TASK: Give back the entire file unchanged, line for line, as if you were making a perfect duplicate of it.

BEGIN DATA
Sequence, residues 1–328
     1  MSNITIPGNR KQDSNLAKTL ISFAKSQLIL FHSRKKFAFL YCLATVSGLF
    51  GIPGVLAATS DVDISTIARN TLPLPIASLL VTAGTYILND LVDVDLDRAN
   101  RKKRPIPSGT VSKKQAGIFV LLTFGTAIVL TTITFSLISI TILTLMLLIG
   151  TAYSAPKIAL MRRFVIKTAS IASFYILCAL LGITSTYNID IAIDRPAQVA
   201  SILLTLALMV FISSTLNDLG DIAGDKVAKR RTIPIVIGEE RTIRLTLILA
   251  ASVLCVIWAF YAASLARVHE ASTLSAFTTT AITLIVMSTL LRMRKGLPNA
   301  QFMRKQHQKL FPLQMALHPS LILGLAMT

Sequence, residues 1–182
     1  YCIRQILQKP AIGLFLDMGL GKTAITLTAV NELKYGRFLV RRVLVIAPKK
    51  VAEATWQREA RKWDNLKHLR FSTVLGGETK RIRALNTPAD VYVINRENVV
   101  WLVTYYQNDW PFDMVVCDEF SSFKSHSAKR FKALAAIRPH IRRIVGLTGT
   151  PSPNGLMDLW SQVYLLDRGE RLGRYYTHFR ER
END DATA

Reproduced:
Sequence, residues 1–328
     1  MSNITIPGNR KQDSNLAKTL ISFAKSQLIL FHSRKKFAFL YCLATVSGLF
    51  GIPGVLAATS DVDISTIARN TLPLPIASLL VTAGTYILND LVDVDLDRAN
   101  RKKRPIPSGT VSKKQAGIFV LLTFGTAIVL TTITFSLISI TILTLMLLIG
   151  TAYSAPKIAL MRRFVIKTAS IASFYILCAL LGITSTYNID IAIDRPAQVA
   201  SILLTLALMV FISSTLNDLG DIAGDKVAKR RTIPIVIGEE RTIRLTLILA
   251  ASVLCVIWAF YAASLARVHE ASTLSAFTTT AITLIVMSTL LRMRKGLPNA
   301  QFMRKQHQKL FPLQMALHPS LILGLAMT

Sequence, residues 1–182
     1  YCIRQILQKP AIGLFLDMGL GKTAITLTAV NELKYGRFLV RRVLVIAPKK
    51  VAEATWQREA RKWDNLKHLR FSTVLGGETK RIRALNTPAD VYVINRENVV
   101  WLVTYYQNDW PFDMVVCDEF SSFKSHSAKR FKALAAIRPH IRRIVGLTGT
   151  PSPNGLMDLW SQVYLLDRGE RLGRYYTHFR ER